Motown Layover

by E. Russell Smith
The Write Idea
First Place, April 2011
Judged by Judith Fitzgerald


Three time zones east of yesterday,
still I rise early. A pale moon fails.
I find a coffee, walk the vacant streets.
The horizon of an ailing city
rises out of ashes, dark against
a glowing sky of blood and roses.

A carrion crow relieves the owl of
its night watch of my wakeful hours.
High-spirited Sunday sparrows,
starlings, larks and winter finches
forage in the gutters; no other life.

This cruel cold may cauterize
two years of weeping lesions.
I fly before the dirty weather strikes.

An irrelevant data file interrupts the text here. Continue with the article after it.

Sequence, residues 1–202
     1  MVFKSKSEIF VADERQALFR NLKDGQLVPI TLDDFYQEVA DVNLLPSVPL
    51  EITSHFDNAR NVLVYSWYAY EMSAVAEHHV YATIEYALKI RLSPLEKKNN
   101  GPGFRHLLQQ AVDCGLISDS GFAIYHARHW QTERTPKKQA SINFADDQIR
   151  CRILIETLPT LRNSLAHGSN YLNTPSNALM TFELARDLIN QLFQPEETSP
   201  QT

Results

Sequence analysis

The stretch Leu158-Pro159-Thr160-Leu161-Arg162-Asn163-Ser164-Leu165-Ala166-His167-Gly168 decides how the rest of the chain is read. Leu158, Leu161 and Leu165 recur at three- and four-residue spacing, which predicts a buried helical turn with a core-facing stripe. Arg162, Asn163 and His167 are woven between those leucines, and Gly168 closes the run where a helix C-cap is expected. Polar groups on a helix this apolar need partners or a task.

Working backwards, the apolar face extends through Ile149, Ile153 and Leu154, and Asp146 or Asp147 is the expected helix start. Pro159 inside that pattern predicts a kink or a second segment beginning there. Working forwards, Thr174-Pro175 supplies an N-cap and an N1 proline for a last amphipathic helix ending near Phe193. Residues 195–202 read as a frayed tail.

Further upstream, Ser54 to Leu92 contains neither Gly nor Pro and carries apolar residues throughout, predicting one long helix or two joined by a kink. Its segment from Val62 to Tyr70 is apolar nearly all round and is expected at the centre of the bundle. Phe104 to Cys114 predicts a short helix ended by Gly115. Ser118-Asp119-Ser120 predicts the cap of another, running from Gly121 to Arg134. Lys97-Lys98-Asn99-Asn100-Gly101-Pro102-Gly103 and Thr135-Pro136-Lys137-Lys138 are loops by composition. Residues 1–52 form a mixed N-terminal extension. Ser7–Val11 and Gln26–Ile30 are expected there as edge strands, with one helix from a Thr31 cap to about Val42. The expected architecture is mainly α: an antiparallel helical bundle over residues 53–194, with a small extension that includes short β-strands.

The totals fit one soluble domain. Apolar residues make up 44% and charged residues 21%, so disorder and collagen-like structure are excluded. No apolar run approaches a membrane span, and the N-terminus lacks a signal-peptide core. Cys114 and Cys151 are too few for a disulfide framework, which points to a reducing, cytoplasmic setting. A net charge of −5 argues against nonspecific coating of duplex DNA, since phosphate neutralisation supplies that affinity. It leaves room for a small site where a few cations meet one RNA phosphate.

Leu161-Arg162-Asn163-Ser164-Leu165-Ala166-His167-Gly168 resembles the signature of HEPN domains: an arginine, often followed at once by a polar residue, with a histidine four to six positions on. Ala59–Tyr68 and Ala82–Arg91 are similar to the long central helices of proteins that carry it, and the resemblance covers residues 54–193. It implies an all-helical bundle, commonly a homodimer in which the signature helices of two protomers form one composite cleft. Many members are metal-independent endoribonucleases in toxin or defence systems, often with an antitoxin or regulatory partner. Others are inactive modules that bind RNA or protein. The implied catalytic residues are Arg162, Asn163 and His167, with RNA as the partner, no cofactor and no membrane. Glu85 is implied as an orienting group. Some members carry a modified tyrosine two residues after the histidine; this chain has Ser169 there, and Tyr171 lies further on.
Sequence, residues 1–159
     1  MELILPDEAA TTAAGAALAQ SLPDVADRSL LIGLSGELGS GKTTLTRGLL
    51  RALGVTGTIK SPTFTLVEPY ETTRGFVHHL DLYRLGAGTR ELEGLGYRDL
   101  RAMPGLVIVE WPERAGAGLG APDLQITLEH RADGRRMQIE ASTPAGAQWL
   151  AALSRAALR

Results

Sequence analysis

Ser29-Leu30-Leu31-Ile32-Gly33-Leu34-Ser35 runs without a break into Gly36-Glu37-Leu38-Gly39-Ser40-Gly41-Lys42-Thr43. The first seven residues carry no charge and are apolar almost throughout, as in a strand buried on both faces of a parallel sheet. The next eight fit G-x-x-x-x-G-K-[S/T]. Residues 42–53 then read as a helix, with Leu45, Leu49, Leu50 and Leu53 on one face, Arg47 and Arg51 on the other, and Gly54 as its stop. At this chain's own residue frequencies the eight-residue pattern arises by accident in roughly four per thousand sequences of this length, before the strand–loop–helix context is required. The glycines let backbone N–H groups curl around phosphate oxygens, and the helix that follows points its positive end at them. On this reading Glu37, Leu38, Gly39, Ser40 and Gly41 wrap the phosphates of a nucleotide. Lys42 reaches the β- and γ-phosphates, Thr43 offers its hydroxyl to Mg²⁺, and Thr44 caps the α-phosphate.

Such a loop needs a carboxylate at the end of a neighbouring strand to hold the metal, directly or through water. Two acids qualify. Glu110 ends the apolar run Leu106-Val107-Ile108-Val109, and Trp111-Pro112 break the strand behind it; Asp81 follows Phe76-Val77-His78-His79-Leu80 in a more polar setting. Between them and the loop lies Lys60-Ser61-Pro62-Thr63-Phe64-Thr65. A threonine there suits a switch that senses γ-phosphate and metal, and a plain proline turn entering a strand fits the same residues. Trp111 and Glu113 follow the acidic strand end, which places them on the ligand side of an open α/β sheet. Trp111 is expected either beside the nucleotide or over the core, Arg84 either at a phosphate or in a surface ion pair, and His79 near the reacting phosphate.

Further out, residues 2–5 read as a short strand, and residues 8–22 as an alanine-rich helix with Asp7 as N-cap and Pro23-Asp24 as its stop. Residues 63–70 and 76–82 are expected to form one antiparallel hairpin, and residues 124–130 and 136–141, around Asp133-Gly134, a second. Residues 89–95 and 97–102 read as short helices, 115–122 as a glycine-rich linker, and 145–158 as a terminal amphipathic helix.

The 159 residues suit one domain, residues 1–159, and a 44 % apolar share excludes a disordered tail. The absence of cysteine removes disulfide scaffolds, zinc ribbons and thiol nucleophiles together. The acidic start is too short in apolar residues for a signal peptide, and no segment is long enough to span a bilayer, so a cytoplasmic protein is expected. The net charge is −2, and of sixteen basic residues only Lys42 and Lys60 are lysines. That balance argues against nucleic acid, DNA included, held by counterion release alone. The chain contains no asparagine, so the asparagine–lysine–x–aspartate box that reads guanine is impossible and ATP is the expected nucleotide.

Moving, deeply disconcerting, gorgeously clean in its poetic "devices," "Motown Layover" simply causes time to stand still for one glorious nano-second, that space before the onslaught of dirty weather's cloudstorms gathering at the edge of the other's consciousness. Rarely do readers fail to cringe when reaching the end of the line only to discover the poet damned-near destroys credibility when concluding same a preposition with (apologies, Mr. Safire). This poem, however, turns that proposition on its head, expanding, contracting, the quietly calculous crunch realised in the final word, "strikes," the one which brings readers back to the beginning, to the stunning opening line, "Three time zones east of yesterday." Strike a cloud? Wonderful. --Judith Fitzgerald

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